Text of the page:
Growing Red, Red Cabbage
The differences between red and green cabbage are only a matter of green chlorophyll, but you wouldn’t want red cabbage to trade its red color for a little more chlorophyll in its leaves. If it did, you wouldn’t have that red to add dash to your salads or stir-fry or to add an unexpected twist to stuffed cabbage leaves and other dishes.
The Red Growing Zone
Red cabbage likes the same growing conditions that green cabbage likes.
- Choose a spot with rich, loamy or sandy soil that has a pH of 6.5 to 6.8. Before planting your cabbage, work a 2-inch thick layer of compost 3 inches to 4 inches down into the soil
- Keep in mind that all cabbages prefer full to partial sun.
- The soil should retain moisture at a depth of two inches or more, but the surface should be well-drained. Avoid spots where standing water collects and ones that remain muddy for days after a rain.
- You should also avoid the spaces where you planted cabbage and closely related plants like collards, kale, Brussels sprouts, and cauliflower during the previous growing season.
Planting Your Garden Red
Red cabbage grows from seeds or seedlings.
Starting Your Own Seedlings
If you want to start your own seedlings for spring planting, sow the seeds six to eight weeks before the last frost date in your area. Space them 2 inches apart and cover them with 1/4 inch of soil. Keep the seeds in a cool, well-lit spot or under a grow light or a cool white fluorescent light.
If you plant the seeds in toilet paper rolls that you have cut to lengths of 2 inches to 3 inches, you can transplant the cabbages in the tube and have a ready-made collar to protect the cabbage from cutworms.
You should transplant your seedlings two to three weeks before the last frost date in your area.
Begin preparing your seedlings for transplanting a week or two before you begin to transplant them. Move them outdoors to a sheltered area and leave them for two hours for the first day. On the second day, leave them out for four hours, making sure that they receive one hour of morning sun. Keep extending the amount of time that you leave your seedlings outdoors and the number of hours that they spend in the morning sun. Eventually, you can begin leaving your seedlings outdoors all night, as long as you aren’t expecting a frost.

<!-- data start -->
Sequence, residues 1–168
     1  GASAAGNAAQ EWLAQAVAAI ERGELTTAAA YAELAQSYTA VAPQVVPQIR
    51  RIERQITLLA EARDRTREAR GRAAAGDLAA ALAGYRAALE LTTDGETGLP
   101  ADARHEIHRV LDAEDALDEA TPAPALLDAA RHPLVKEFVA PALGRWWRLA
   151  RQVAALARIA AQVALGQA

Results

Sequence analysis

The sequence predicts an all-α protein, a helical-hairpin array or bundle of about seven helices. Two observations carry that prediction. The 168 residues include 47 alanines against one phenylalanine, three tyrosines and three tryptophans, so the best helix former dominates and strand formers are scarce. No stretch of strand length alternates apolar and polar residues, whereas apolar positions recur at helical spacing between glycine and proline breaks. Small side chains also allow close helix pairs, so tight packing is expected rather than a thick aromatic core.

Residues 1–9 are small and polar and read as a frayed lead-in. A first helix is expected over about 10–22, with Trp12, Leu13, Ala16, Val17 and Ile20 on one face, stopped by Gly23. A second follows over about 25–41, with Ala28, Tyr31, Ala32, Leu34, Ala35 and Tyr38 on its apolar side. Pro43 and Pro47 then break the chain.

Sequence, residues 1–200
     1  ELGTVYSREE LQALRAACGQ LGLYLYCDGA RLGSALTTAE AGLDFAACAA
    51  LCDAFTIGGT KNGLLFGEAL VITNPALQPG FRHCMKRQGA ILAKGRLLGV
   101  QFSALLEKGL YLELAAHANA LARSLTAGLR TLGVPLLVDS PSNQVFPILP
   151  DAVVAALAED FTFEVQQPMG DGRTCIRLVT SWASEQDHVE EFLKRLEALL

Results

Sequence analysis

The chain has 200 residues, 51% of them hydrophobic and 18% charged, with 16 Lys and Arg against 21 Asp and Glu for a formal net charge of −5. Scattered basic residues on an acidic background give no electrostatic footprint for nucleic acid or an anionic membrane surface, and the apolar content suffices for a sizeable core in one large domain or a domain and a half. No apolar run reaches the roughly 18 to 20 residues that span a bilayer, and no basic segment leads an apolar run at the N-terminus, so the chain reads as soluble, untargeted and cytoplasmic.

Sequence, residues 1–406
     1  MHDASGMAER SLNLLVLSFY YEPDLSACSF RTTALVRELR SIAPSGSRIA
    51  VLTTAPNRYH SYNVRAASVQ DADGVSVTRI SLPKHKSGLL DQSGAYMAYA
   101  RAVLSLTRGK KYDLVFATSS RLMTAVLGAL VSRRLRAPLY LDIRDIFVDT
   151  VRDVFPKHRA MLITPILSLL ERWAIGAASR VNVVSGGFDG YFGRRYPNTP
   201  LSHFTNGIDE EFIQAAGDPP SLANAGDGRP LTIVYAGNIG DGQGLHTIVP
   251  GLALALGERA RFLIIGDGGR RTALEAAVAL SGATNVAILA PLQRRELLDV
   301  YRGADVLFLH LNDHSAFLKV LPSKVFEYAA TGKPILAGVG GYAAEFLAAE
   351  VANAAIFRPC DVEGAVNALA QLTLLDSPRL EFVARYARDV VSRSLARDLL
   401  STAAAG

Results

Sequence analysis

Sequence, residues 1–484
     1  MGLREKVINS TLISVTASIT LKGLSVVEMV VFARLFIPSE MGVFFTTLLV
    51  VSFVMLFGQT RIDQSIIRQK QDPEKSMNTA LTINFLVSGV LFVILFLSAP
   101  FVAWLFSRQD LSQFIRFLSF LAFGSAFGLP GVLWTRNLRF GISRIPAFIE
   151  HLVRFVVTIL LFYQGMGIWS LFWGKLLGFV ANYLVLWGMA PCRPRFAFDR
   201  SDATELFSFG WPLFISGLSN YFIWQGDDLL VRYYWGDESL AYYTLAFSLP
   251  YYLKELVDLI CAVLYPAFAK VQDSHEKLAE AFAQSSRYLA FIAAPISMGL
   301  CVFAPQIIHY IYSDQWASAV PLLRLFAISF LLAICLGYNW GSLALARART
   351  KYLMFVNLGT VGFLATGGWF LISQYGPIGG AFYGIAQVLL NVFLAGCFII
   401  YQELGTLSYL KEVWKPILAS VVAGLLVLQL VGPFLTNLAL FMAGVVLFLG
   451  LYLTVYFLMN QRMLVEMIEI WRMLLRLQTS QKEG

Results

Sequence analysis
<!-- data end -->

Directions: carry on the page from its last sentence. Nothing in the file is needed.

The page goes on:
When you transplant your seedlings, space them 6 inches to 12 inches apart in rows that are 1 foot to 2 feet apart. Dig a hole deep enough to hold the seedling and its roots. If you have grown them in toilet paper tubes, leave about half of the tube above ground. Otherwise, leave 1 inch to 2 inches of the stem above ground.
Sowing Your Seeds Directly in the Garden
If you prefer to sow your cabbage seeds directly in the garden, wait until two weeks before the last frost date in your area. For an early spring planting, space them 2 inches apart in rows that are 1 foot to 2 feet apart and cover them with 1/2 inch of soil. For later plantings, space the seeds 6 inches apart.
Red, Red Rain – Watering Your Cabbage
Cabbage needs to be watered on a steady, even basis to prevent growth spurts that can split the heads. It should receive 2 inches of water a week, and it’s best to water it using a soaker hose to keep the leaves from getting wet, especially when the humidity is high. Wet leaves can suffer from black rot.
Mulch placed around your cabbages will help the soil retain moisture.
Cabbage feeds heavily from the nutrients in the soil, so it will need an application of rich compost three weeks after you plant it. You should then apply compost again every three weeks throughout the growing season.
Going on Pest Patrol
Red cabbage suffers from the same pests and diseases as green cabbage. Pests include:
- Imported cabbage worms
- Harlequin bugs
- Cabbage loopers
The potential diseases are:
- Black leg
- Black rot
- Club root
- Fusarium wilt
You can protect your red cabbage from pests by installing row covers as soon as you plant it; by picking off the insects, eggs, and worms as soon as you spot them; by planting companion plants such as marigolds, tansy, and thyme that either repel the pests or lure them from your cabbage; and by using organic sprays.
If a cabbage becomes diseased, the best course of action is to pull it up and discard it. Don’t add it to your compost. Crop rotation is the best way to prevent recurring problems with either diseases or pests.
Reaping Your Red Cabbage Reward
Your red cabbage is ready for harvesting when the head feels firm when you squeeze it. Simply use a sharp knife to cut the cabbage from the stem close to the base of the cabbage.